Since her home burned because of old wiring, she plans to replace all of the wiring in the current home.
There are other things that need to be repaired or replaced, she’ll do them when she can.
She didn’t have insurance on her Lee Street home but wants to rebuild there someday.
The fire has left Adrian with severe anxiety. She’s afraid of fire. She gets nervous if she smells smoke. Every night before her family heads for bed, Adrian unplugs all of the appliances and checks the house. It may annoy her children, but she looks at it as her insurance.
There are some things Adrian is excited about, including starting classes next year at Rowan-Cabarrus Community College.
In January, Adrian will study criminal psychology. She jokes that she has plenty of experience already since she’s been a repeated victim of crimes.
Her son has attended RCCC for automotive training and daughter Dannie is going for psychology.
“I’m going back to school to advance my education so I can excel in providing for myself and family,” Adrian said.
Adrian is thankful to the Pregnancy Support Center, which donated a Thanksgiving meal to the family. Dannie is seven months pregnant.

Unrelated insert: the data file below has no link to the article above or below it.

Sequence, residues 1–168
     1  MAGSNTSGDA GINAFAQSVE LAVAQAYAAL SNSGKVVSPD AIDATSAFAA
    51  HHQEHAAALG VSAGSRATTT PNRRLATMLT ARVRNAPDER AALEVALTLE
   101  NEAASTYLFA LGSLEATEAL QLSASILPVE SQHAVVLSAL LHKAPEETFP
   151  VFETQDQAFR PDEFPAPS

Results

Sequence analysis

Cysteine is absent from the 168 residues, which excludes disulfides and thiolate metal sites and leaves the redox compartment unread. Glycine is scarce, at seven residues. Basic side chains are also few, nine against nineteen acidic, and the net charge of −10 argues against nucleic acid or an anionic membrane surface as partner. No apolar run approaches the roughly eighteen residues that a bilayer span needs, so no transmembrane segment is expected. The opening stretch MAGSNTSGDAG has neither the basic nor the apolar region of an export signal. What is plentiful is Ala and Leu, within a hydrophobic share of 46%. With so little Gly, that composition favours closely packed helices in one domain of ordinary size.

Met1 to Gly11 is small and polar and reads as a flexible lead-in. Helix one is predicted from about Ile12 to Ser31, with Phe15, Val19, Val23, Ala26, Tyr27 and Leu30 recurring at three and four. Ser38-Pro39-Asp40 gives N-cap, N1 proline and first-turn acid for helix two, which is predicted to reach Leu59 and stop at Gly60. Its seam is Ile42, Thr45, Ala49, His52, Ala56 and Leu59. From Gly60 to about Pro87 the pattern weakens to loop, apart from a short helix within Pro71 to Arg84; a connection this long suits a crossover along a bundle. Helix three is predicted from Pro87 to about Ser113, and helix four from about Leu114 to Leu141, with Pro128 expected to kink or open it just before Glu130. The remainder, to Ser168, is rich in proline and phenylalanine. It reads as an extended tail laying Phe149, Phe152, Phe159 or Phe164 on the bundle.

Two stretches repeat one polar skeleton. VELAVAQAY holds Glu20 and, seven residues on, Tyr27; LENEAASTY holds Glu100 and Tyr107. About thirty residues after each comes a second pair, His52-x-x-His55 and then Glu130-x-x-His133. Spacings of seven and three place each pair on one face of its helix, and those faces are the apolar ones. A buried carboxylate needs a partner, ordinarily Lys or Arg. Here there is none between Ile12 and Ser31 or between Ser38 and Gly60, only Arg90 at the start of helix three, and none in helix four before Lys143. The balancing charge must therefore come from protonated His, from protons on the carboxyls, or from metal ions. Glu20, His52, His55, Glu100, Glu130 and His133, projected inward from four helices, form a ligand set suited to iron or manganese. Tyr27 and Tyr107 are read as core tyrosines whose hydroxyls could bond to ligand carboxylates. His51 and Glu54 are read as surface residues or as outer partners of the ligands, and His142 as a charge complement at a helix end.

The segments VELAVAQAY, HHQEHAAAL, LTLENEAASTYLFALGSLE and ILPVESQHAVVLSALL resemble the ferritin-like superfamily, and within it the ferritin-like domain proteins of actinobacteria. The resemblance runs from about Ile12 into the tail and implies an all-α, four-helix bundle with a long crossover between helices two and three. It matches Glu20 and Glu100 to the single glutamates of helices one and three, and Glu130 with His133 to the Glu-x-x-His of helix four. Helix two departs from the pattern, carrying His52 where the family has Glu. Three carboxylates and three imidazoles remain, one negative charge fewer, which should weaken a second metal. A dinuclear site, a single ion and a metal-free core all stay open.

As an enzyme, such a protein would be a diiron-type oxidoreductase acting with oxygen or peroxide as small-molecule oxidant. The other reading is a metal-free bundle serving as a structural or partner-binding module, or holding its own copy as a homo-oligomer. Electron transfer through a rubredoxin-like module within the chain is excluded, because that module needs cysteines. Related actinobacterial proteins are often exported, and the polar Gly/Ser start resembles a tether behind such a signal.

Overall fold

“Things are tough, but we have each other. We don’t let the little things bother us. We don’t let it get us down,” Dannie said.
She said the family tries to stay positive.
“That’s the only way you are going to make it through. At least I have a roof over my head,”she said.
Although Dannie was not home at the time of the fire, she lost all of her belongings as well.
She was in Connecticut with her then boyfriend, who was going to bring her home that morning. She received a phone call from Sassy who told her not to come.
“She said, ‘Don’t come, the house is on fire,’ ” Dannie said.
She thought her sister was joking until she received a picture sent to her cell phone of her home on fire.
Although Thanksgiving is taken care of, Adrian is concerned about what she’ll do about Christmas.
“I don’t have plans for Christmas. I need help with Christmas,” she said.
The family has lived in Salisbury for five years and is thankful to the people who helped out when they needed help.
She understands there are a few bad apples, but she’ll remain in the place she’s known as home for the last several years.
“There’s a lot of good people in Salisbury,” Adrian said.